Digital Medicine: An integrative review on the acceptance of artificial intelligence among healthcare professionals in hospitals (2)

29 February, 2024

I found this article on AI and Large Multimodal Models (LMMs) in Artificial Intelligence, useful WHO unveils AI ethics and governance guidance for LMMS (

The article is published in the online publication of the West African Institute of Public Health.

Here is a typical section: "In a move aimed at addressing the ethical challenges and governance posed by large multi-modal models (LMMs) in artificial intelligence (AI), the World Health Organization (WHO) has unveiled guidance that outlines crucial recommendations for governments, technology companies, and healthcare providers.

LMMs are a fast-growing generative AI technology with growing applications and use in healthcare.

"The new WHO guidance outlines more than 40 recommendations for consideration by governments, technology companies, and healthcare providers to ensure the appropriate use of LMMs to promote and protect the health of populations.

"LMMs can accept one or more types of data inputs, such as text, videos, and images, and generate diverse outputs that are not limited to the type of data inputted.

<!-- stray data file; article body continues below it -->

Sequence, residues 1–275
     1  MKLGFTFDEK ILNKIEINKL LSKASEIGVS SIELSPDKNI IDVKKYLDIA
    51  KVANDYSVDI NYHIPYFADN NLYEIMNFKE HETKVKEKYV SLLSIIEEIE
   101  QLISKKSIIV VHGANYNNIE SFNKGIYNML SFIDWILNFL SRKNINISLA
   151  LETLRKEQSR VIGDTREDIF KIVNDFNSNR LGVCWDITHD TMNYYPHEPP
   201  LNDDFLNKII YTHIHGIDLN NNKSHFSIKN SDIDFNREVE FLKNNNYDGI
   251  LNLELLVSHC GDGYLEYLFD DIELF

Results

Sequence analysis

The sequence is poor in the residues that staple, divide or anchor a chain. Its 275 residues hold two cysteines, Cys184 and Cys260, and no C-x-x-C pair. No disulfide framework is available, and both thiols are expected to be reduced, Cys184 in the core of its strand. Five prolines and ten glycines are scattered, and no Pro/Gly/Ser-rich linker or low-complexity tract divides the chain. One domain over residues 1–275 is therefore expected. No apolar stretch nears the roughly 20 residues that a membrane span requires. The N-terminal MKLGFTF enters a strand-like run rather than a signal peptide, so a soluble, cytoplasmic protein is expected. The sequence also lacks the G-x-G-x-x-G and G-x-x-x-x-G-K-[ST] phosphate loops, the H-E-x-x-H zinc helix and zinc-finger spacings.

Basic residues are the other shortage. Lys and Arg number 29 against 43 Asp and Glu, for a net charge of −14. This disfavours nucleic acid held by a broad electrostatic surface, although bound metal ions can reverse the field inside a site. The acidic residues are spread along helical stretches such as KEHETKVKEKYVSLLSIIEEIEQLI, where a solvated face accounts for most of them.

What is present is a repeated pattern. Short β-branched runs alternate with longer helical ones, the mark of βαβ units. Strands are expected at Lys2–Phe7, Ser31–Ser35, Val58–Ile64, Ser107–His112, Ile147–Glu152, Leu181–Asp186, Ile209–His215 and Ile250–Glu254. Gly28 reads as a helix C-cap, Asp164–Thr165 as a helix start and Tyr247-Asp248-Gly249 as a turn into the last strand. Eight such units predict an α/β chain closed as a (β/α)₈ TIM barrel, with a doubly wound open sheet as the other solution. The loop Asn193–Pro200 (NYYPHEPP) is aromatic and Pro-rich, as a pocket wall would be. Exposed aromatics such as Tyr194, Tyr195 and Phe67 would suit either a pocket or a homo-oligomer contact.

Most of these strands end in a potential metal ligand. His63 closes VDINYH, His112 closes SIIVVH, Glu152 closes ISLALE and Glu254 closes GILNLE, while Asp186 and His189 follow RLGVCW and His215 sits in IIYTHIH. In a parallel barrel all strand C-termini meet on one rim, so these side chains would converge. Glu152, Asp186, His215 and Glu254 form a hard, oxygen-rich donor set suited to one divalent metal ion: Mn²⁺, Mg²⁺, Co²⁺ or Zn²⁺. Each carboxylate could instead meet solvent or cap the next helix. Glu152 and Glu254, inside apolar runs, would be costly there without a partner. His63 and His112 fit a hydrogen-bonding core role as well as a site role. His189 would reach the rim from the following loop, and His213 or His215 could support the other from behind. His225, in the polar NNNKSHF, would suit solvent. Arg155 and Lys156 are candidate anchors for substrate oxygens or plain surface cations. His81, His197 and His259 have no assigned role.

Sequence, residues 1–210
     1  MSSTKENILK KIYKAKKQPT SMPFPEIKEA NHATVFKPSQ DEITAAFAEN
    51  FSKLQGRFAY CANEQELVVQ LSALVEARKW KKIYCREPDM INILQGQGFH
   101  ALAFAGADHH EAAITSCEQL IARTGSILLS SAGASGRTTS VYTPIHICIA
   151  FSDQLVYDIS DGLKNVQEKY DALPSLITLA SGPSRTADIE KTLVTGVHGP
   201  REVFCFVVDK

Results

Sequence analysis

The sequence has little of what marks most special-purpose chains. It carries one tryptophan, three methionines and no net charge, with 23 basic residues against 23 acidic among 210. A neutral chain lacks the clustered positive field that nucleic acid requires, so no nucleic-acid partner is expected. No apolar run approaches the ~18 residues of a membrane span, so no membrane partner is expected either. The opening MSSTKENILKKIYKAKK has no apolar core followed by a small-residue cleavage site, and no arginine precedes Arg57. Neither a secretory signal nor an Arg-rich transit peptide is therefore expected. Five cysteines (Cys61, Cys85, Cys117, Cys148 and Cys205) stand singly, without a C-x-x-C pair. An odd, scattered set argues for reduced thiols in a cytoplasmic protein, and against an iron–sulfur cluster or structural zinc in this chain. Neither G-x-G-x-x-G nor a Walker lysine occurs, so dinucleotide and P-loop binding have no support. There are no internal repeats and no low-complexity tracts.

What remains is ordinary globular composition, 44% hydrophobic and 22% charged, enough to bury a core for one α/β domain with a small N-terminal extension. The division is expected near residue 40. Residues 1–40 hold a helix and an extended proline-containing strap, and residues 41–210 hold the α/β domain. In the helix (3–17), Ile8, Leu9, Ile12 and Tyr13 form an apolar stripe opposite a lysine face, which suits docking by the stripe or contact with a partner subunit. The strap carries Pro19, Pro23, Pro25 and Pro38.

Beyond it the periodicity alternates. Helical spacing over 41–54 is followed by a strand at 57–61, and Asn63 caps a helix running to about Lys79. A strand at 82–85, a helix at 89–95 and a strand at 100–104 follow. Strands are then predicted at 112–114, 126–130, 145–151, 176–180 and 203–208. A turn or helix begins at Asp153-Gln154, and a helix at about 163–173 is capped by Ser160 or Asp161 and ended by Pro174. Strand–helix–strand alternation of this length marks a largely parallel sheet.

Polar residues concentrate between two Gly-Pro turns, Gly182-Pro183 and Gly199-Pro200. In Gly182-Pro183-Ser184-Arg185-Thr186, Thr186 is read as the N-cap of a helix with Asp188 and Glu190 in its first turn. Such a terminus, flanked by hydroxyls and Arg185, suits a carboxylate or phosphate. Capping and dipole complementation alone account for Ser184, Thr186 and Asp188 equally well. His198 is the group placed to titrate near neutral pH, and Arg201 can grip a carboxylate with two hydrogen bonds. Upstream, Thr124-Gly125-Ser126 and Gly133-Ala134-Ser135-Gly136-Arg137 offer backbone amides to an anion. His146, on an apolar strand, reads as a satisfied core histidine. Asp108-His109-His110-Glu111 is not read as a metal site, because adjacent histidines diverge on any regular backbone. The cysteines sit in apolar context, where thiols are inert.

"LMMs are unique in their mimicry of human communication and ability to carry out tasks they were not explicitly programmed to perform. LMMs have been adopted faster than any consumer application in history, with platforms such as ChatGPT and Bard and Bert entering the public consciousness in 2023.

"According to Dr Jeremy Farrar, WHO Chief Scientist: “Generative AI technologies have the potential to improve healthcare but only if those who develop, regulate, and use these technologies identify and fully account for the associated risks,”

“We need transparent information and policies to manage the design, development, and use of LMMs to achieve better health outcomes and overcome persisting health inequities.”

"The WHO guidance outlines five broad applications of LMMs for healthcare:

- Diagnosis and clinical care, such as responding to patients’ written queries;

- Patient-guided use, such as for investigating symptoms and treatment;

- Clerical and administrative tasks, such as documenting and summarising patient visits within electronic health records;

- Medical and nursing education, including providing trainees with simulated patient encounters;

- Scientific research and drug development, including to identify new compounds."

HIFA profile: Richard Fitton is a retired family doctor - GP. Professional interests: Health literacy, patient partnership of trust and implementation of healthcare with professionals, family and public involvement in the prevention of modern lifestyle diseases, patients using access to professional records to overcome confidentiality barriers to care, patients as part of the policing of the use of their patient data. Email address: richardpeterfitton7 AT